In 1990 the F-117 Nighthawk was used again in the first Gulf War, where F-117s flew approximately 1,300 sorties and scored direct hits on 1,600 high-value targets in Iraq while accumulating over 6,905 flight hours. Only 2.5% of the American aircraft in Iraq were F-117s, yet they struck more than 40% of the strategic targets, dropping over 2,000 tons of precision-guided munitions and striking their targets with over an 80% success rate.
In the 1999 NATO bombing of Yugoslavia two stealth aircraft were used by the United States, the veteran F-117 Nighthawk, and the newly introduced B-2 Spirit strategic stealth bomber. The F-117 performed its usual role of striking precision high-value targets and performed well, although one F-117 was shot down by a Serbian Isayev S-125 'Neva-M' missile commanded by Colonel Zoltán Dani. The, then new, B-2 Spirit was highly successful, destroying 33% of selected Serbian bombing targets in the first eight weeks of U.S. involvement in the War. During this war, B-2s flew non-stop to Kosovo from their home base in Missouri and back.
In the 2003 invasion of Iraq, F-117 Nighthawks and B-2 Spirits were again used, and this was the last time the F-117 would see combat. F-117s dropped satellite-guided strike munitions on selected targets, with high success. B-2 Spirits conducted 49 sorties in the invasion, releasing more than 1.5 million pounds of munitions.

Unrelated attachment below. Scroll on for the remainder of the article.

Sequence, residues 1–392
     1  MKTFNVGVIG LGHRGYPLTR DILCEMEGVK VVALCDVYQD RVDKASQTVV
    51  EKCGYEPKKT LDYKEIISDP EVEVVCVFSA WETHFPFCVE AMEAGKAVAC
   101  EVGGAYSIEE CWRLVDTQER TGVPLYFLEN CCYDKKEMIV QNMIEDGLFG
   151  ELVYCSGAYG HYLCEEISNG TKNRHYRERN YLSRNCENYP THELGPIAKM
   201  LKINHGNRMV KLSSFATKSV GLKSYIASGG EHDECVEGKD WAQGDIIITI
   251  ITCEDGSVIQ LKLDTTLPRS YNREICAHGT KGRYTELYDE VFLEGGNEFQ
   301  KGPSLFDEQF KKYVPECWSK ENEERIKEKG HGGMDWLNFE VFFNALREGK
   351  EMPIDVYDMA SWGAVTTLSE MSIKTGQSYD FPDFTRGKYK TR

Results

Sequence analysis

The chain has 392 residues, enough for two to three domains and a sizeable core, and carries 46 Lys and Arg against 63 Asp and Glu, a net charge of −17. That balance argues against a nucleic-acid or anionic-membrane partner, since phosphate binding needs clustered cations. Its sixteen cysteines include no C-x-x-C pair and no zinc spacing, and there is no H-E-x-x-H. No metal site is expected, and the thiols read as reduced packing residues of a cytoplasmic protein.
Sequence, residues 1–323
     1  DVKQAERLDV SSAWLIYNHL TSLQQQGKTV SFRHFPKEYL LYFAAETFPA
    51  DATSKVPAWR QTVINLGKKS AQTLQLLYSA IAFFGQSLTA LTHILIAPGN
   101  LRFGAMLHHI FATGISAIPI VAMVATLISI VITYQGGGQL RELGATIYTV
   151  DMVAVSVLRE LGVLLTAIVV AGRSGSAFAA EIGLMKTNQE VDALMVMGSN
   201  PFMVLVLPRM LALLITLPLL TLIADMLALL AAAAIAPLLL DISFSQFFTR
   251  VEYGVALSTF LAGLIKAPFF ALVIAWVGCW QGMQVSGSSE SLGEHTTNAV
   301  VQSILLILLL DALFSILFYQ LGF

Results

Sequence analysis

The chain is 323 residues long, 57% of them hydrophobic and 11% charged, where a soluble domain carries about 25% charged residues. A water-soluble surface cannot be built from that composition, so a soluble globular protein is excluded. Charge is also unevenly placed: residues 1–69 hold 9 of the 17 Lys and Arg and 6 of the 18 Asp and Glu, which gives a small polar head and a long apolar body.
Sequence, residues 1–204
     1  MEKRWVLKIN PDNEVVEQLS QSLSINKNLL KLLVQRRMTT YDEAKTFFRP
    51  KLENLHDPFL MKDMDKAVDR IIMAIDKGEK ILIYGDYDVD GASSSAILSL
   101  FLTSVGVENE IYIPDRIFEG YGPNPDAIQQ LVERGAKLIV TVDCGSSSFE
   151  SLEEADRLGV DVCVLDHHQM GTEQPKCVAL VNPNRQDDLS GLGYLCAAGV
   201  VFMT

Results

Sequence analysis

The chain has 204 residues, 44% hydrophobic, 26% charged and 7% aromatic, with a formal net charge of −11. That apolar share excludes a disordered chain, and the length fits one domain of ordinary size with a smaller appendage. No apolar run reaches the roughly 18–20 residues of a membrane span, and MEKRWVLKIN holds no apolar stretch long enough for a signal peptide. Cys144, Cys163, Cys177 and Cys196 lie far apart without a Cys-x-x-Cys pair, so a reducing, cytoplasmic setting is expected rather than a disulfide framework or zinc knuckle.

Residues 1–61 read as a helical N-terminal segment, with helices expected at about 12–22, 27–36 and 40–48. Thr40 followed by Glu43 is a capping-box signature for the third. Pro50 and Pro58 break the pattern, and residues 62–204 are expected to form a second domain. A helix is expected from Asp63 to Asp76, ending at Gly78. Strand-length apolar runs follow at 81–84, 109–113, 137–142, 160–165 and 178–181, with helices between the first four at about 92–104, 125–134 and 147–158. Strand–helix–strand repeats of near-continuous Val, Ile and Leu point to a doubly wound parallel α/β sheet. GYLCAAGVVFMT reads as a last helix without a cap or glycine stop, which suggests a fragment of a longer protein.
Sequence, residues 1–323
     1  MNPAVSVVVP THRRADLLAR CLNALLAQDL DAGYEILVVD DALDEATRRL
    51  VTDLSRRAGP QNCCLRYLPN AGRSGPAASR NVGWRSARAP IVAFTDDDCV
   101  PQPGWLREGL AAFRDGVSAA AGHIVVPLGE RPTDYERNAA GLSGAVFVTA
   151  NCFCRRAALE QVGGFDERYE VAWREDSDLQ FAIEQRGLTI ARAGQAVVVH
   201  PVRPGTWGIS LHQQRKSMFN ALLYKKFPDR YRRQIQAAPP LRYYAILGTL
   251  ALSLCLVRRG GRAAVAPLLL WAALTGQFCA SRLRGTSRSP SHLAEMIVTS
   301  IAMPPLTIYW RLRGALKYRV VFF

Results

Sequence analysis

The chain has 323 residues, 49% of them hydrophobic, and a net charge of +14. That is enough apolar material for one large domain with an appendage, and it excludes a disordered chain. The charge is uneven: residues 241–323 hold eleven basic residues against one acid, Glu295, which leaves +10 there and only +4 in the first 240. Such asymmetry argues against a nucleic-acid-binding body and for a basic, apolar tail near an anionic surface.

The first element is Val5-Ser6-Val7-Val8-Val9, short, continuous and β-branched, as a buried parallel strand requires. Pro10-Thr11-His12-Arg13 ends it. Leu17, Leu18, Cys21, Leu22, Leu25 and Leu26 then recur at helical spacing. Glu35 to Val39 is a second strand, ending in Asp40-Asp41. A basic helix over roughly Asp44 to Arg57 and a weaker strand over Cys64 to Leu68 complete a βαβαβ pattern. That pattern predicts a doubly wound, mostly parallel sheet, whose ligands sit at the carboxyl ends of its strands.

During the May 2011 operation to kill Osama bin Laden, one of the helicopters used to clandestinely insert US troops into Pakistan crashed in the bin Laden compound. From the wreckage it was revealed that this helicopter had stealth characteristics, making this the first publicly known operational use of a stealth helicopter.
The most recent use of stealth aircraft was in the 2011 military intervention in Libya, where B-2 Spirits dropped 40 bombs on a Libyan airfield with concentrated air defenses in support of the UN no-fly zone.
Stealth aircraft will continue to play a valuable role in air combat with the United States using the F-22 Raptor, B-2 Spirit, and the F-35 Lightning II to perform a variety of operations.